leum, makes it the llth largest industrial grouping in the world and the second largest in Europe. Five British firms are among the top 25 European Community companies.
7. The Modern British Army
The strength of the regular armed forces, all volunteers, was nearly 271,000 in mid-1993 133,000 in the Army, 79,300 in the Royal Air Force (RAF) and 58,500 in the Royal Navy and Royal Marines. There were 18,800 women personnel 7,500 in the Army, 6,800 in the RAF, and 4,400 in the Royal Navy.
British forces main military roles are to:
- ensure the protection and security of Britain and its dependent territories;
- ensure against any major external threat to Britain and its allies; and
- contribute towards promoting Britains wider security interests through the maintenance of international peace and security.
Most of Britains nuclear and conventional forces are committed to NATO and about 95% of defence expenditure to meeting its NATO responsibilities. In recognition of the changed European security situation, Britains armed forces are being restructured in consultation with other NATO allies.
Under these plans, the strength of the armed forces is being cut by 22%, leaving by the mid-1990s some 119,000 in the Army, 70,000 in the RAF and 52,500 in the Royal Navy and the Royal Marines. This involves reductions in main equipment of:
- three Tornado GR1 squadrons, four Phantom squadrons, two Buccaneer squadrons and part of a squadron of Nimrod maritime patrol aircraft;
- 12 submarines, nine destroyers and frigates and 13 mine
- countermeasures ships; and
- 327 main battle tanks.
Civilian staff employed by the Ministry of Defence will be reduced from 169,100 in 1991 to 135,000.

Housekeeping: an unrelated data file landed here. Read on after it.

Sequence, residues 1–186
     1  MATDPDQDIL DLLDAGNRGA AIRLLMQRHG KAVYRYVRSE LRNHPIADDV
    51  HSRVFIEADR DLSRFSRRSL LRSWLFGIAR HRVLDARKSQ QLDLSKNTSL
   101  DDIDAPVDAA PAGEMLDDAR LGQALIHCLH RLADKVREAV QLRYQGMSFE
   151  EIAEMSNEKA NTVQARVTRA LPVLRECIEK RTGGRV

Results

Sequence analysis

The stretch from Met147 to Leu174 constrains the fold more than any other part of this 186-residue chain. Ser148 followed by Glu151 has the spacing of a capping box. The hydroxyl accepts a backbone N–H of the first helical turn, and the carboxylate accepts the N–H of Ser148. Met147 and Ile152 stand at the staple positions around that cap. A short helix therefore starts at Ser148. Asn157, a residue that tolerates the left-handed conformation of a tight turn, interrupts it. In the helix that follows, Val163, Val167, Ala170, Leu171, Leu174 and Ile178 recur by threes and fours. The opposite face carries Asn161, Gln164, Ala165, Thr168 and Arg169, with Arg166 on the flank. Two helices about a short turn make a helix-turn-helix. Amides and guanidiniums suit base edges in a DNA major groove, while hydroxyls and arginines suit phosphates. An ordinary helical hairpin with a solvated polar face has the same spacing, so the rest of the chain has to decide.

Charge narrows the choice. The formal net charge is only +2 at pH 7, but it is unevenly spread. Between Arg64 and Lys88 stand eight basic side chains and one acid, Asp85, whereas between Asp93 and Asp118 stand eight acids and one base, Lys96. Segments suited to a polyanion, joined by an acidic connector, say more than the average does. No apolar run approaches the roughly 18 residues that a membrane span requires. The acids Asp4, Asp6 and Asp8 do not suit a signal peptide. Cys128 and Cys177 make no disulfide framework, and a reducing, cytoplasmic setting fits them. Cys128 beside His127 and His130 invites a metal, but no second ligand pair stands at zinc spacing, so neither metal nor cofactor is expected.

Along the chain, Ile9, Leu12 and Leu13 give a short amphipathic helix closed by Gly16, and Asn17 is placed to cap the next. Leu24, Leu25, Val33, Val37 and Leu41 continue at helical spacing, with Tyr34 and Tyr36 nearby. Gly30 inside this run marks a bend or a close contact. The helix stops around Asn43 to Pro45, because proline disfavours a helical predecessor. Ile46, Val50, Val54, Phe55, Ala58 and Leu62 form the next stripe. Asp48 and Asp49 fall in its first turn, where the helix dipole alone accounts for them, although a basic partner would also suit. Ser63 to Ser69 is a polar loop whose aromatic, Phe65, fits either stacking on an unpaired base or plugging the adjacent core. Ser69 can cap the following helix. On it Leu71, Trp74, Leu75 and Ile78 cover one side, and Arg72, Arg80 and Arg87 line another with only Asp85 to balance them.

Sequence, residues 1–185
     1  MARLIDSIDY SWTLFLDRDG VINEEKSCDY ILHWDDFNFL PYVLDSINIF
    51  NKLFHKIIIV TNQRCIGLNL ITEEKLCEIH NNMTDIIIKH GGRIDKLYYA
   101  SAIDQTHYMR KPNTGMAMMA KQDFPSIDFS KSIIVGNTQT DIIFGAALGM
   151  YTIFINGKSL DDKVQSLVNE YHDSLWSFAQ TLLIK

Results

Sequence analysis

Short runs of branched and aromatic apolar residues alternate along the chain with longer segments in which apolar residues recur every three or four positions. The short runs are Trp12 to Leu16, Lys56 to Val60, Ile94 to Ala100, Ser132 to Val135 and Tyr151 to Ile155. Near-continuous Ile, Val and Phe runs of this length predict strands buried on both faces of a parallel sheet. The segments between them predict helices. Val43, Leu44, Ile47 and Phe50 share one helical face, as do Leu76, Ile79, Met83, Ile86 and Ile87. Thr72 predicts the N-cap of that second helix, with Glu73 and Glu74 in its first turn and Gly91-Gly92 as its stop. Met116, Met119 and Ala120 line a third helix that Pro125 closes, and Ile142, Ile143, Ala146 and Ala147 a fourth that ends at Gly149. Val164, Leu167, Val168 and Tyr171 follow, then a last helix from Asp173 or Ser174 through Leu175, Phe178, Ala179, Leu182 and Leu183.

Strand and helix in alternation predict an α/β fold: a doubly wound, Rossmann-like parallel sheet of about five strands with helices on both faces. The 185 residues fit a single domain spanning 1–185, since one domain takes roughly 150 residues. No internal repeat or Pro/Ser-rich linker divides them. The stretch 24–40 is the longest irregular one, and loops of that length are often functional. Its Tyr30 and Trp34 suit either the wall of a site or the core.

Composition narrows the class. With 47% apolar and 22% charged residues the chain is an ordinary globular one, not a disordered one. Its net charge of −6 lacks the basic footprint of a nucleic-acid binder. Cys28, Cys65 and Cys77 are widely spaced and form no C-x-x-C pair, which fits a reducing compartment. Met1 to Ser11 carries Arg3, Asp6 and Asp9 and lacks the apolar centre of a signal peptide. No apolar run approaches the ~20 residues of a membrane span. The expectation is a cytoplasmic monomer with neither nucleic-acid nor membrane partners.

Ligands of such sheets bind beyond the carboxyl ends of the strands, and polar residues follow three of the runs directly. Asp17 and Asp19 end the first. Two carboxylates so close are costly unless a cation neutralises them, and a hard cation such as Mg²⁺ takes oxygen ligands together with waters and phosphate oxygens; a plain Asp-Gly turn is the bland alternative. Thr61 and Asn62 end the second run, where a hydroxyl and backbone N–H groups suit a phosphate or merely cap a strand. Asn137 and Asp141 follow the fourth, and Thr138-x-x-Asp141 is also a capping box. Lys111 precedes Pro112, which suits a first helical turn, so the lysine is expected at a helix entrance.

As a member of NATO, Britain fully supports the Alliances current strategic concept, under which its tasks are to:
- help to provide a stable security environment, in which no country is able to intimidate or dominate any European country through the threat or use of force;
- serve as a transatlantic forum for Allied consultations affecting member states vital interests; deter from aggression and defend member states against military attack; and
- preserve the strategic balance within Europe.
8. The Two Lessons
This section of the paper is dedicated to the development of two lessons for the “Regional Geography of Great Britain” course to be taught in schools. The chosen topics are “Customs and Traditions of Great Britain” and “American English”.
Both lessons are intended for 45-50 minutes duration and are of so-called “combined” type, according to the generally accepted terminology in Russia. The principal scheme of such a lesson can be represented in the following way:
1) Lesson organization (2-3 minutes)
2) Review of the previous studies (5-7 minutes)
3) New studies (approx. 15-20 minutes)
4) Systematization of the new knowledge and training for its application in practice (15-
5) Homework (1-2 minutes)